The dramatic structure of the Song becomes here more strongly manifest than elsewhere before. Shulamith interrupts the king, and continues his words as if echoing them, but again breaks off. The lxx had here לדודי in the text. It might notwithstanding be a spurious reading. Hitzig suggests that it is erroneously repeated, as if from Sol 7:11. Ewald also (Hohesl. p. 137) did that before, - Heiligstedt, as usual, following him. But, as Ewald afterwards objected, the line would then be "too short, and not corresponding to that which follows." But how shall לדודי now connect itself with Solomon's words? Ginsburg explains: "Her voice is not merely compared to wine, because it is sweet to everybody, but to such wine as would be sweet to a friend, and on that account is more valuable and pleasant." But that furnishes a thought digressing εἰς ἄλλο γένος; and besides, Ewald rightly remarks that Shulamith always uses the word דודי of her beloved, and that the king never uses it in a similar sense. He contends, however, against the idea that Shulamith here interrupts Solomon; for he replies to me (Jahrb. IV 75): "Such interruptions we certainly very frequently find in our ill-formed and dislocated plays; in the Song, however, not a solitary example of this is found, and one ought to hesitate in imagining such a thing." He prefers the reading לדּודים beloved ones, although possibly לדודי, with , abbreviated after the popular style of speech from m, may be the same word. But is this ledodim not a useless addition? Is excellent wine good to the taste of friends merely; and does it linger longer in the palate of those not beloved than of those loving? And is the circumstance that Shulamith interrupts the king, and carried forward his words, not that which frequently also occurs in the Greek drama, as e.g., Eurip. Phoenissae, v. 608? The text as it stands before us requires an interchange of the speakers, and nothing prevents the supposition of such an interchange. In this idea Hengstenberg for once agrees with us. The Lamed in ledodi is meant in the same sense as when the bride drinks to the bridegroom, using the expression ledodi. The Lamed in למישׁרים is that of the defining norm, as the Beth in במי, Proverbs 23:31, is that of the accompanying circumstance: that which tastes badly sticks in the palate, but that which tastes pleasantly glides down directly and smoothly. But what does the phrase וגו דּובב שׂף mean? The lxx translate by ἱκανούμενος χείλεσί μου καὶ ὀδοῦσιν, "accommodating itself (Sym. προστιθέμενος) to my lips and teeth." Similarly Jerome (omitting at least the false μου), labiisque et dentibus illius ad ruminandum, in which דּבּה, rumor, for דובב, seems to have led him to ruminare. Equally contrary to the text with Luther's translation: "which to my friend goes smoothly goes, and speaks of the previous year;" a rendering which supposes ישׁנים (as also the Venet.) instead of ישׁנים (good wine which, as it were, tells of former years), and, besides, disregards שׁפתי. The translation: "which comes at unawares upon the lips of the sleepers," accords with the language (Heiligst., Hitz.). But that gives no meaning, as if one understood by ישׁנים, as Gesen. and Ewald do, una in eodem toro cubantes; but in this case the word ought to have been שׁכבים. Since, besides, such a thing is known as sleeping through drink or speaking in sleep, but not of drinking in sleep, our earlier translation approves itself: which causes the lips of sleepers to speak. This interpretation is also supported by a proverb in the Talm. Jebamoth 97a, Jer. Moeed Katan, iii. 7, etc., which, with reference to the passage under review, says that if any one in this world adduces the saying of a righteous man in his name (רוחשׁות or מרחשׁות), שׂפתותיו דובבות בקבר. But it is an error inherited from Buxtorf, that דובבות means there loquuntur, and, accordingly, that דובב of this passage before us means loqui faciens. It rather means (vid., Aruch), bullire, stillare, manare (cogn. זב, טף, Syn. רחשׁ), since, as that proverb signifies, the deceased experiences an after-taste of his saying, and this experience expresses itself in the smack of the lips; and דּובב, whether it be part. Kal or Po. equals מדובב, thus: brought into the condition of the overflowing, the after-experience of drink that has been partaken of, and which returns again, as it were, ruminando. The meaning "to speak" is, in spite of Parchon and Kimchi (whom the Venet., with its φθεγγόμενος, follows), foreign to the verb; for דּבּה also means, not discourse, but sneaking, and particularly sneaking calumny, and, generally, fama repens. The calumniator is called in Arab. dabûb, as in Heb. רכיל.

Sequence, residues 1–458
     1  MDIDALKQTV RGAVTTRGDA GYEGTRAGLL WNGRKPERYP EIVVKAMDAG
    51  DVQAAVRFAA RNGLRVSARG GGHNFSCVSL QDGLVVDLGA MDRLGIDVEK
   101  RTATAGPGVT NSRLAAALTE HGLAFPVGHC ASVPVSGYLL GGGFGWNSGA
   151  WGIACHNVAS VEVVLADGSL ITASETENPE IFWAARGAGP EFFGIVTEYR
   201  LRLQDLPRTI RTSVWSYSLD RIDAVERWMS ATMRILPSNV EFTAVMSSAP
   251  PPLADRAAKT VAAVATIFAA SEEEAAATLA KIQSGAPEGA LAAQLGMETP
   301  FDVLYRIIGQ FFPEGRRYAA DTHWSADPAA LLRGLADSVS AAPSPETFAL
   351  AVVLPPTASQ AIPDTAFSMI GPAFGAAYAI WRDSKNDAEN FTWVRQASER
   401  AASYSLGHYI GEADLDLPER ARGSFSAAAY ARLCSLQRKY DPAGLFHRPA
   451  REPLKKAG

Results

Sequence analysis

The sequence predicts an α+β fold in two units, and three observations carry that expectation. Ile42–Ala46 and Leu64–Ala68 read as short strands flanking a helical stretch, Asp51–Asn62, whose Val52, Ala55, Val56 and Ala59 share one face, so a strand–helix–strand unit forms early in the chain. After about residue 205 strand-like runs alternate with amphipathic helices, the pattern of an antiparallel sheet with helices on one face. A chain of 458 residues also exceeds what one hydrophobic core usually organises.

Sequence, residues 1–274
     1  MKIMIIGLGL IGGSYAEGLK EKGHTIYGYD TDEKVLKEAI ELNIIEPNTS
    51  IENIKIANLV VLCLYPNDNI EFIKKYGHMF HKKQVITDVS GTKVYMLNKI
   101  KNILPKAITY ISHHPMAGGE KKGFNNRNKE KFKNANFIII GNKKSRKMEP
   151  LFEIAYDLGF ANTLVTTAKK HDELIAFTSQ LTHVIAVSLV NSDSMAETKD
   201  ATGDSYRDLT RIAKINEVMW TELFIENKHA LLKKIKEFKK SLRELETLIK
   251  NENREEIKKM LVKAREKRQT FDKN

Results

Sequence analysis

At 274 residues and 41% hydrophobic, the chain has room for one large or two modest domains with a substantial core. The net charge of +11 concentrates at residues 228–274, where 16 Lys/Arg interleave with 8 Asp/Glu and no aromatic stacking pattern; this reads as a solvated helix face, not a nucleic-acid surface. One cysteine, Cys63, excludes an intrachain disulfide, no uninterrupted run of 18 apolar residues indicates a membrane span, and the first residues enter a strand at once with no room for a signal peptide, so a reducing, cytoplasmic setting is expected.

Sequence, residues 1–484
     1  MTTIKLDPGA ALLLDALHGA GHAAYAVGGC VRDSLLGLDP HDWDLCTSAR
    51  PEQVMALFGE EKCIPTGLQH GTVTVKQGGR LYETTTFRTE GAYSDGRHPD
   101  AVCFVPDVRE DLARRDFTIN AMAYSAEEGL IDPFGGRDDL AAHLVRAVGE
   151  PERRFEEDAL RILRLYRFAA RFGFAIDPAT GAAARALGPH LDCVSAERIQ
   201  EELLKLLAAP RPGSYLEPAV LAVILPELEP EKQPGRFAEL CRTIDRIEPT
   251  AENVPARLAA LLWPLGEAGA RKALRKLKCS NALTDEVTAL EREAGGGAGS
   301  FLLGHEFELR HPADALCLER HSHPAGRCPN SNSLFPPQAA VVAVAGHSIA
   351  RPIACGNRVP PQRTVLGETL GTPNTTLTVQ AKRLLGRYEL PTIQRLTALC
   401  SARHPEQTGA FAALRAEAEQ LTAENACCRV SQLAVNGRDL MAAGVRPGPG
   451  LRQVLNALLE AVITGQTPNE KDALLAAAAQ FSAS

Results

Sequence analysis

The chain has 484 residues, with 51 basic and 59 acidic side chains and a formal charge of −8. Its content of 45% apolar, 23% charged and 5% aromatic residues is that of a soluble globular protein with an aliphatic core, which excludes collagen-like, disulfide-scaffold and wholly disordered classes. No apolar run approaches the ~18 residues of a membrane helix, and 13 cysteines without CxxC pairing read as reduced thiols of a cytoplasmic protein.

We now leave it undecided whether in דובב, of this passage before us, that special idea connected with it in the Gemara is contained; but the roots דב and זב are certainly cogn., they have the fundamental idea of a soft, noiseless movement generally, and modify this according as they are referred to that which is solid or fluid. Consequently דּבב, as it means in lente incedere (whence the bear has the name דּב), is also capable of being interpreted leniter se movere, and trans. leniter movere, according to which the Syr. here translates, quod commovet labia mea et dentes meos (this absurd bringing in of the teeth is from the lxx and Aq.), and the Targ. allegorizes, and whatever also in general is the meaning of the Gemara as far as it exchanges דובבות for רוחשות (vid., Levy under רחשׁ). Besides, the translations qui commovet and qui loqui facit fall together according to the sense. For when it is said of generous wine, that it makes the lips of sleepers move, a movement is meant expressing itself in the sleeper speaking. But generous wine is a figure of the love-responses of the beloved, sipped in, as it were, with pleasing satisfaction, which hover still around the sleepers in delightful dreams, and fill them with hallucinations.